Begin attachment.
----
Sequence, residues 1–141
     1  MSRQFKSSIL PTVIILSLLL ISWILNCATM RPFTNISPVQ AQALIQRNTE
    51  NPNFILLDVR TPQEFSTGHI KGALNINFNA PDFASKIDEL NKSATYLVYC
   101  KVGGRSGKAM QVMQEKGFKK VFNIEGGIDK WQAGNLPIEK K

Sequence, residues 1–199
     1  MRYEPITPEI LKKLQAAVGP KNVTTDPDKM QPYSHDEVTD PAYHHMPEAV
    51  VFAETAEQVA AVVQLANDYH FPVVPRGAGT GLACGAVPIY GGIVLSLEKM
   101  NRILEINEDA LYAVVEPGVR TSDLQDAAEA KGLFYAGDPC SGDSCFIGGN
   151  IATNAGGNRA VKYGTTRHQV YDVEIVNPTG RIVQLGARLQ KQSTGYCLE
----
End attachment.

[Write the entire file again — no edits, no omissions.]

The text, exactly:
Sequence, residues 1–141
     1  MSRQFKSSIL PTVIILSLLL ISWILNCATM RPFTNISPVQ AQALIQRNTE
    51  NPNFILLDVR TPQEFSTGHI KGALNINFNA PDFASKIDEL NKSATYLVYC
   101  KVGGRSGKAM QVMQEKGFKK VFNIEGGIDK WQAGNLPIEK K

Sequence, residues 1–199
     1  MRYEPITPEI LKKLQAAVGP KNVTTDPDKM QPYSHDEVTD PAYHHMPEAV
    51  VFAETAEQVA AVVQLANDYH FPVVPRGAGT GLACGAVPIY GGIVLSLEKM
   101  NRILEINEDA LYAVVEPGVR TSDLQDAAEA KGLFYAGDPC SGDSCFIGGN
   151  IATNAGGNRA VKYGTTRHQV YDVEIVNPTG RIVQLGARLQ KQSTGYCLE